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Database monitoring using Real-time Trust Evaluator: A new way of monitoring your data in a Zero Trust world

By JOSHUA KLAHN posted Tue March 08, 2022 04:56 PM

  
Modern IT environments are dynamic and rapidly changing.  If you were to take a snapshot of your current IT environment (software, cloud resources, endpoints, routers, switches, servers, databases, etc) and six months later, do a comparison, you would probably find the pictures are drastically different.  This kind of rapid change is what makes securing the environments so difficult.  And this challenge is ever present when it comes to securing data.  Authentication and access to data is dynamic, not static.  Each day organizations create and store new pieces of data critical to their operations and the people, teams, and applications that use that data change on a near-hourly basis.

The traditional approach to securing data has been to identify which connections to databases are "trusted" and exclude monitoring those connections.  For example, if I have a trusted front-end application (source application and client IP address) that uses a backend database, we expect the interactions between the application and the database to be secure and trusted.  Excluding trusted connections drastically reduces the amount of database activity that needs to be collected and analyzed.

Seems good, right?

Well, remember earlier when I talked about the rapid and dynamic nature of the IT environment?  IP addresses and ports change.  People leave the company.  Servers are relocated to different datacenters.  Suddenly, that static list of trusted connections that you worked so hard to cultivate and keep up to date becomes an impossible game of Whac-A-Mole.  Additionally, you find there are security gaps - like threat actors being able to piggyback over trusted connection channels (similar to how DNS tunneling averts firewall rules). And then to add insult to injury, your boss says the company is adopting a Zero Trust approach to security. This idea of "trusting" connections is no longer valid because it goes against the spirit of Zero Trust security (where trust is continuously and dynamically assessed with every transaction).  Now what to you do?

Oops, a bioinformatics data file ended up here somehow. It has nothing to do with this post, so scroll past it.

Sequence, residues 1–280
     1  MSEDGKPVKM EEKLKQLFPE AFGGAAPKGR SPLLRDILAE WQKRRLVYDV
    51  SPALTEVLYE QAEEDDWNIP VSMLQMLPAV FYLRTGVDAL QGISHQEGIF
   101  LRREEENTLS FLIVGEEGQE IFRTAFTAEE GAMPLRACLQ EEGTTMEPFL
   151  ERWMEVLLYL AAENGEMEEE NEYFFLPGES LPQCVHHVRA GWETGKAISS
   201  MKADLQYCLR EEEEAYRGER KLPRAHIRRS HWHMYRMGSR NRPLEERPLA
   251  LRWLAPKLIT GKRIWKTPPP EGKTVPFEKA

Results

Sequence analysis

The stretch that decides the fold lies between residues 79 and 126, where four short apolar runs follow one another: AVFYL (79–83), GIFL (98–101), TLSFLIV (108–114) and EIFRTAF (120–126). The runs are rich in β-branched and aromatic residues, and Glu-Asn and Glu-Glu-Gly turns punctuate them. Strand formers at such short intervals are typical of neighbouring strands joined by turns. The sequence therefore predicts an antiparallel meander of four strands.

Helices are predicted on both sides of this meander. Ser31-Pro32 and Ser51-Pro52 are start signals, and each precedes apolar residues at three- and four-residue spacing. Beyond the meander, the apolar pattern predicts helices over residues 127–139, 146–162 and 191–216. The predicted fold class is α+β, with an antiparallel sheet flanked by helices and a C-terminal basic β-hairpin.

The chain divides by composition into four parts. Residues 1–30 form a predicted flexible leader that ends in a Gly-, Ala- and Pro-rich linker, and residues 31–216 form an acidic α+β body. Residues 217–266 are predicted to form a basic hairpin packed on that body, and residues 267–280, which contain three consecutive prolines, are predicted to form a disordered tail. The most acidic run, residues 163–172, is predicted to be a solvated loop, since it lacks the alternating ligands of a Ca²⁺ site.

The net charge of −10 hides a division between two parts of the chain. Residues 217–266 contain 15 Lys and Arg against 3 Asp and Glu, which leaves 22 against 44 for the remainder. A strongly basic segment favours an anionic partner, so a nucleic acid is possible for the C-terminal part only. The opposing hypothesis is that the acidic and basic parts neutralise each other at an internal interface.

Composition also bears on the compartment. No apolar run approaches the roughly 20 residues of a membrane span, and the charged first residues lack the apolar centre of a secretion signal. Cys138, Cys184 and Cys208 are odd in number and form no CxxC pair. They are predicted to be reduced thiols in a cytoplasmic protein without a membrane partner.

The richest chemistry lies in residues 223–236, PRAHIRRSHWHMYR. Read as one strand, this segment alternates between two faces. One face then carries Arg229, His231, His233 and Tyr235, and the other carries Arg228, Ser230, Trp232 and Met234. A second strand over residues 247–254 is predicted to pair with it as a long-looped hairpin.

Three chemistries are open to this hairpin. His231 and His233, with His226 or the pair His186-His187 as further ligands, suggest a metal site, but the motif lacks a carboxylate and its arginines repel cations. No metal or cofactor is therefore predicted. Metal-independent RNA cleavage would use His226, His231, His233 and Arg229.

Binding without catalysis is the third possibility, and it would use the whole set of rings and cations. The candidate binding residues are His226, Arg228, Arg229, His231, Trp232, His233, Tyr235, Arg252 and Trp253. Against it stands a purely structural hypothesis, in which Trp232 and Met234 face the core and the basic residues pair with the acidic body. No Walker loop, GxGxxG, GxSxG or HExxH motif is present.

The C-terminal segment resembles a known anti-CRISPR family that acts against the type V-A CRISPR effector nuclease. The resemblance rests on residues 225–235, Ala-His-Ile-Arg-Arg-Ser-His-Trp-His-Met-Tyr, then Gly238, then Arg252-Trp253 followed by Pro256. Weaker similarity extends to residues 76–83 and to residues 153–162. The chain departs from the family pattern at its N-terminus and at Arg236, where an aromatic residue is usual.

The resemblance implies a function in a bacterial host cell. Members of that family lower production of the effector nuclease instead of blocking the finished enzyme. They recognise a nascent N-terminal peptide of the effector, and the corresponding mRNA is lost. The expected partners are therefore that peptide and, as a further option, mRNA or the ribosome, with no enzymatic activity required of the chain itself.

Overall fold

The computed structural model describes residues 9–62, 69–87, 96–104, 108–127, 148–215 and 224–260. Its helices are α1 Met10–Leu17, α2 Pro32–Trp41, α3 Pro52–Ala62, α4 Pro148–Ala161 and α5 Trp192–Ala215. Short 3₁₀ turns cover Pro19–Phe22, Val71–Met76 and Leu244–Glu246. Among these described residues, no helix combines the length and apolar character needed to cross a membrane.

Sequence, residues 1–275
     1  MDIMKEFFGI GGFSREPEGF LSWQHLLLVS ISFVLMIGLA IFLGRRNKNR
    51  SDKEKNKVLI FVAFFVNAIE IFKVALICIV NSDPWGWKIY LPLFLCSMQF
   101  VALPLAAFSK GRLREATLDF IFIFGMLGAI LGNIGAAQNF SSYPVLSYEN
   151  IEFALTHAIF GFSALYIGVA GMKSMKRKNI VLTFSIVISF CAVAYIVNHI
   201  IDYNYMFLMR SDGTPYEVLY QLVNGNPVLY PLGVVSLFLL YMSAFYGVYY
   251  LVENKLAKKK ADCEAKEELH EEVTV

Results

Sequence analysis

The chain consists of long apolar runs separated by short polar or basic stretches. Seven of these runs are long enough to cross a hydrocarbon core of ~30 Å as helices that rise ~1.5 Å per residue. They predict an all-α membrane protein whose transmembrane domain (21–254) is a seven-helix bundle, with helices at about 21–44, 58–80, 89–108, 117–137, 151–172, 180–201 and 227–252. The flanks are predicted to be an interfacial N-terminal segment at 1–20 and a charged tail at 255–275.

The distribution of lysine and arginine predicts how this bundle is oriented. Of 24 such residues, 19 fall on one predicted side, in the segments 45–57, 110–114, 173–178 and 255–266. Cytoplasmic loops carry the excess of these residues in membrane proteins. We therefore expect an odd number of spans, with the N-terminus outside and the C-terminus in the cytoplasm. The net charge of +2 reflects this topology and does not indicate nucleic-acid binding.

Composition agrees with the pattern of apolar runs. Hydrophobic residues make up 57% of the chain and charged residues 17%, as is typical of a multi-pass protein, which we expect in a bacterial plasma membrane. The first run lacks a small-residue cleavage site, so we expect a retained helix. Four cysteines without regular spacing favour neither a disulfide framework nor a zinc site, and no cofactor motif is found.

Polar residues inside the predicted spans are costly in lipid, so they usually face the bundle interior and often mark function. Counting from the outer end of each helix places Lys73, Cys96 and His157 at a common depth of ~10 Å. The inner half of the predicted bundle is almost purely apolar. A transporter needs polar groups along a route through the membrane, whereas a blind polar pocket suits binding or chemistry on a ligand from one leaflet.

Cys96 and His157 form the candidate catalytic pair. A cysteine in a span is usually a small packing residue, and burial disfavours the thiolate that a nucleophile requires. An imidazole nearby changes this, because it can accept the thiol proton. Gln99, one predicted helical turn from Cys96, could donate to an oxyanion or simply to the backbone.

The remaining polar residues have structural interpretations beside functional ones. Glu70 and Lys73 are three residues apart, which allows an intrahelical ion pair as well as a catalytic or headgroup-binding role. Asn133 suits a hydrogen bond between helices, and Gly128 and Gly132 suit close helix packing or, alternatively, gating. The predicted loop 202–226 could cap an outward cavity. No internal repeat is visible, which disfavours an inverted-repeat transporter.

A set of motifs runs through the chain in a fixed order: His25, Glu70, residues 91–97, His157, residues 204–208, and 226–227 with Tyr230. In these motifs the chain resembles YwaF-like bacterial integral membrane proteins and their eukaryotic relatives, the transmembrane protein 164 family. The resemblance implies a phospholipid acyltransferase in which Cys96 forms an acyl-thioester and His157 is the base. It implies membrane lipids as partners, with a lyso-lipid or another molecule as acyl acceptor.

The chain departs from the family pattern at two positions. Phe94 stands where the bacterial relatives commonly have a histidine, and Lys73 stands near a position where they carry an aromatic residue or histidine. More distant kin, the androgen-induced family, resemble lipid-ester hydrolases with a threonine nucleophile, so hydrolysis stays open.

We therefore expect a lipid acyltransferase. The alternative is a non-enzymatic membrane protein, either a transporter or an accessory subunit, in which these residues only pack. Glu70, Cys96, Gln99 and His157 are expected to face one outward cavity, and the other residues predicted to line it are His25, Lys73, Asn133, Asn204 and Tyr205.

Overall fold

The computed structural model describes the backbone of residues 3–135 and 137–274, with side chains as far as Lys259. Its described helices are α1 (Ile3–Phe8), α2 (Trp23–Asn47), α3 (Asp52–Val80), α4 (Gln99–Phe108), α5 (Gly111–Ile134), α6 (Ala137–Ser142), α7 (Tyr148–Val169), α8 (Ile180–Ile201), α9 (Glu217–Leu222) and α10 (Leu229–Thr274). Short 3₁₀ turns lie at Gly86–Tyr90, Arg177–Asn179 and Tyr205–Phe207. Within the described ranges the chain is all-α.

This is why Guardium has introduced Real-time trust evaluator for data.

Here's how it works:
Each time a new database session is established, that session is analyzed in real-time for risk.  No connection is explicitly trusted (unless you want it to be).  This an important departure from the old ways of trusting connections and supports a Zero Trust approach.  The more risky the session, the more that session is monitored in greater detail.  Risk is based on multiple contextual data points in and around the session itself.  For example, if an application were to connect to a database using credentials in clear text, this would greatly increase the riskiness of that session.  Or if a session were established using a weak form of encryption, this would increase risk of that session.  Other risk-contributing data points come through machine learning.  The connections probability engine learns what is normal for a given database server and then, in real-time, analyzes every connection and compares it against the machine learning model of that database server.  An example use case is credentials stuffing.  Let's suppose a threat actor comes armed with a trove of credentials from a previous data breach and is attempting to stuff those credentials in a database to gain access.  Guardium's machine learning can detect that activity (even if the traffic is encrypted) and dynamically adjust the risk level of the session to indicate high risk activity.